Leading engineering services-led principal contractor, JCA, explores how Building Information Modelling or ‘BIM’ is supporting building lifecycle management for the benefit of owners and tenants.
Now well established in the construction sector, Building Information Modelling or ‘BIM’ has transformed architecture, building engineering and construction. BIM is a process that utilises intelligent 3D models to capture, explore and maintain consistent and coordinated planning, design, construction and operational data. As a result, BIM provides a wealth of information such as detailed insights for controlling costs, project scheduling and ensuring ‘constructability’ during the design process.
Beyond the design and construction phase, BIM-based technology is now being adopted as the new digital process for the entire building lifecycle, providing building owners and tenants with accurate, timely and relevant information on all aspects of a building’s operations.
‘Lifecycle BIM’ acts as the primary information channel for the gathering, co-ordination and enrichment of data, which supports a building’s lifecycle. This entails the creation and utilisation of information to manage the operations and maintenance of buildings at every stage of its life. The approach commences during the onset of the design process, where BIM provides realistic three-dimensional representation, including detailed renderings of sophisticated mechanical and electrical systems and ‘walkthroughs’ for design clarity to avoid clashes during construction. In addition, BIM is also being increasingly combined with building automation systems to provide real-time monitoring in order to maximise environmental performance.
As a result, BIM provides facilities managers with the opportunity to maximise value across a building’s operation, which benefits from the enhanced detail and data contained within BIM. These include space management, where area and room-related information in BIM models can provide detailed insights into how space is used. As a result, facilities managers can reduce vacant space and ultimately reduce property expenses. The lifecycle aspects of BIM also enable building owners to illustrate to tenants exactly how a building should appear at the commencement and conclusion of their lease, encouraging collaboration and helping to prevent disagreements.
By providing the technical interface into the lifecycle of a building, BIM also supports the drive to streamline building maintenance by providing the detailed information that allows effective upkeep schedules to be planned and implemented. For example, product information and manufacturer-specific content stored in the BIM at the design stage provides managers with a wealth of data when a building goes live, enabling them to create planned preventative maintenance programmes and forecast the cost of ongoing capital expenditure.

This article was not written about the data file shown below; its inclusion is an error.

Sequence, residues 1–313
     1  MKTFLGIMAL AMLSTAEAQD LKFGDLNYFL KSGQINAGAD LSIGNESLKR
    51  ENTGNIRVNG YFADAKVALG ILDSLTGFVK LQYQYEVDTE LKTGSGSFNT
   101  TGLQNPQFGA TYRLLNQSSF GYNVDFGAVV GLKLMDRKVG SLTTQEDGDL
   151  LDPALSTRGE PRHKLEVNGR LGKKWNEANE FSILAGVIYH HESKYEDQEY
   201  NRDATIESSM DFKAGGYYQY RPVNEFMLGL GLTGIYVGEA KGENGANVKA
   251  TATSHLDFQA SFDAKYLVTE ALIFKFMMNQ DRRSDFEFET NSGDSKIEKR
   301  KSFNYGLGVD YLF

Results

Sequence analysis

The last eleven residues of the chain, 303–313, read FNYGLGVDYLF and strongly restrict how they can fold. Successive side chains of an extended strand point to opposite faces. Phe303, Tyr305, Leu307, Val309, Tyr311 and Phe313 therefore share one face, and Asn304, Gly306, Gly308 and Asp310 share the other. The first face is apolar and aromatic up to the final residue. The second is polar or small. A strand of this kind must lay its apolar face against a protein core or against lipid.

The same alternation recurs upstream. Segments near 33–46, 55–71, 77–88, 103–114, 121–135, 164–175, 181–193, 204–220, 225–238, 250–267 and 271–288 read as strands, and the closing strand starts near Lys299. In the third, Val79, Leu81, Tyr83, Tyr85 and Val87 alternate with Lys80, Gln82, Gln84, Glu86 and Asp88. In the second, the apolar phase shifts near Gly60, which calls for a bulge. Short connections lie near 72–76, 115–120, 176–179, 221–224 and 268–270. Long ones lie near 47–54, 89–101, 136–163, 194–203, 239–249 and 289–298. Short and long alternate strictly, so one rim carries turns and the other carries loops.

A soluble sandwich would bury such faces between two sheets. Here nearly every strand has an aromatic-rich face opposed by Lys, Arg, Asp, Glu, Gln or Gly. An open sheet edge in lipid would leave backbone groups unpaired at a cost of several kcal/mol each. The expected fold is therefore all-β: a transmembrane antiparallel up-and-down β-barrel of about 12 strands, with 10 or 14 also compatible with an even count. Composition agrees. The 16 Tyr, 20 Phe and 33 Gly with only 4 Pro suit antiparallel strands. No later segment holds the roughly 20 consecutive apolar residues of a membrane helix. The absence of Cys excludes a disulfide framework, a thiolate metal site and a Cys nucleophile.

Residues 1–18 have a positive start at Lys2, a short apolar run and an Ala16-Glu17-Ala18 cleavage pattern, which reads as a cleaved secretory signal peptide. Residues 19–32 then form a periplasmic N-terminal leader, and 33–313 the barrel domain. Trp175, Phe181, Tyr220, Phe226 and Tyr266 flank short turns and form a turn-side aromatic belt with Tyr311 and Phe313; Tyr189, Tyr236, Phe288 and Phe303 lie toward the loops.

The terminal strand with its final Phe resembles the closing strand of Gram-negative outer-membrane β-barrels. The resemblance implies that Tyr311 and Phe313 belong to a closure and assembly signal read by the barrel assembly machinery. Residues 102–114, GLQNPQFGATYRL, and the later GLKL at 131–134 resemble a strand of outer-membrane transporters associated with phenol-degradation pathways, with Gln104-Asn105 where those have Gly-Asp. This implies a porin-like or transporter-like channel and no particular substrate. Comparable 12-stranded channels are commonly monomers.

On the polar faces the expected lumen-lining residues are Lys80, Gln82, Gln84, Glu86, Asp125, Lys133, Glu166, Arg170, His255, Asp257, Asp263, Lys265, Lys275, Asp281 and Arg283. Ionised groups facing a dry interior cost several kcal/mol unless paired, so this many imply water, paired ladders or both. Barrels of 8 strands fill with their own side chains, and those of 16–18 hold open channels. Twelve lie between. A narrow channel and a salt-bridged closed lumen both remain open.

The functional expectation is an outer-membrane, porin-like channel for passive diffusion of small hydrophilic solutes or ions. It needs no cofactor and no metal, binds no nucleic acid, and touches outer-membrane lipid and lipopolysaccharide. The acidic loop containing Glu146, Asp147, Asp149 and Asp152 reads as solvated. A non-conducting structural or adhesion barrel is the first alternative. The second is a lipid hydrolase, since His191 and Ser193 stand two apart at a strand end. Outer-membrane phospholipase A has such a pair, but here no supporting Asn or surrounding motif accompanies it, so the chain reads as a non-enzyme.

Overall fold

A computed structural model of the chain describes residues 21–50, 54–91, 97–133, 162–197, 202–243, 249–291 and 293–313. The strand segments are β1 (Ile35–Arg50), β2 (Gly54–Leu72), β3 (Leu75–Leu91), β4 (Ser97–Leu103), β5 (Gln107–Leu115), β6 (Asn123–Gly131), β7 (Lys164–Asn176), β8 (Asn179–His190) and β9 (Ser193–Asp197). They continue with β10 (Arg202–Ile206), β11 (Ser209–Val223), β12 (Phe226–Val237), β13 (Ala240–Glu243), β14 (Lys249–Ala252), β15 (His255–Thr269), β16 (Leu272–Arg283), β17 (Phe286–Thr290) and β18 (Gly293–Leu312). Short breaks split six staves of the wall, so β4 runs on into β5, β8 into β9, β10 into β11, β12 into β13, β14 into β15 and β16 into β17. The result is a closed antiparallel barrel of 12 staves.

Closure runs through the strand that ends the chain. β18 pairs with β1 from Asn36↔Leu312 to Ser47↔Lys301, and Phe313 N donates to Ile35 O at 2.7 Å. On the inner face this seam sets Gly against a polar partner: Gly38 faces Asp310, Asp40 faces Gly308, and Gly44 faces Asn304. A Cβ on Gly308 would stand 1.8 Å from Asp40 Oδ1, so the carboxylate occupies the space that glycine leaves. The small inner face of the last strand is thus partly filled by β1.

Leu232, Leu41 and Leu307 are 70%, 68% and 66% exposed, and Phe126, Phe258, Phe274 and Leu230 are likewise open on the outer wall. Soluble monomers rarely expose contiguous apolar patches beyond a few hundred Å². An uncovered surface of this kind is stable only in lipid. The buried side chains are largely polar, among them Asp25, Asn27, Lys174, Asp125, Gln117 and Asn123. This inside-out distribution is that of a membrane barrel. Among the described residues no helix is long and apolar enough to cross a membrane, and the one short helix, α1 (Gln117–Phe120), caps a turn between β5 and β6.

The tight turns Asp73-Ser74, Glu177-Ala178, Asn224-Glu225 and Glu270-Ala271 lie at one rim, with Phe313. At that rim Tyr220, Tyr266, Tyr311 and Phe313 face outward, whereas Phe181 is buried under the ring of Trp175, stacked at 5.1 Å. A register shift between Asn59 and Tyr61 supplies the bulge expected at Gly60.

BIM also enhances the lifecycle management of a building by providing manufacturer data on the life expectancy and replacement costs of specific systems and components. As a result, building owners gain an understanding of the benefits of particular materials or systems that may require higher initial capital investment but represent a cost saving over time, in areas such as energy consumption. Furthermore, by linking with Computer Aided Facilities Management (CAFM) systems that enable live data on systems and components to be accessed and updated by field-based engineers, BIM is enabling professionals to interrogate real-time information and make informed planned maintenance decisions.
It is evident that the benefits of BIM in the operational phase of a building’s lifecycle are being recognised in the property sector as building owners constantly seek to reduce costs and improve the management of their facilities. Through its use, Lifecycle BIM makes important building information available to all stakeholders, reducing the time consumed and associate costs in its operation.
As an engineering services-led construction and managed services business, JCA has fully embraced BIM, which supports the company’s ethos of collaboration. JCA employs BIM within its Professional Services division and has Tier 2 BIM Level 2 accreditation in accordance with the BS1192 Production of Information and PAS119-2 Sharing of Information standards, as part of its ongoing digital transformation programme.
Chris Fitzer, JCA’s CAD Manager and BIM Lead, explains: “JCA is engaged in many high technology, innovative and challenging projects that demand a high level of collaboration with our clients, suppliers and subcontractors to ensure we deliver quality and value throughout the entire building lifecycle. Already used extensively in the design and build phase, BIM is now transforming the operational phase of a building’s lifecycle, supporting the drive to maximise efficiency and streamline building maintenance.”
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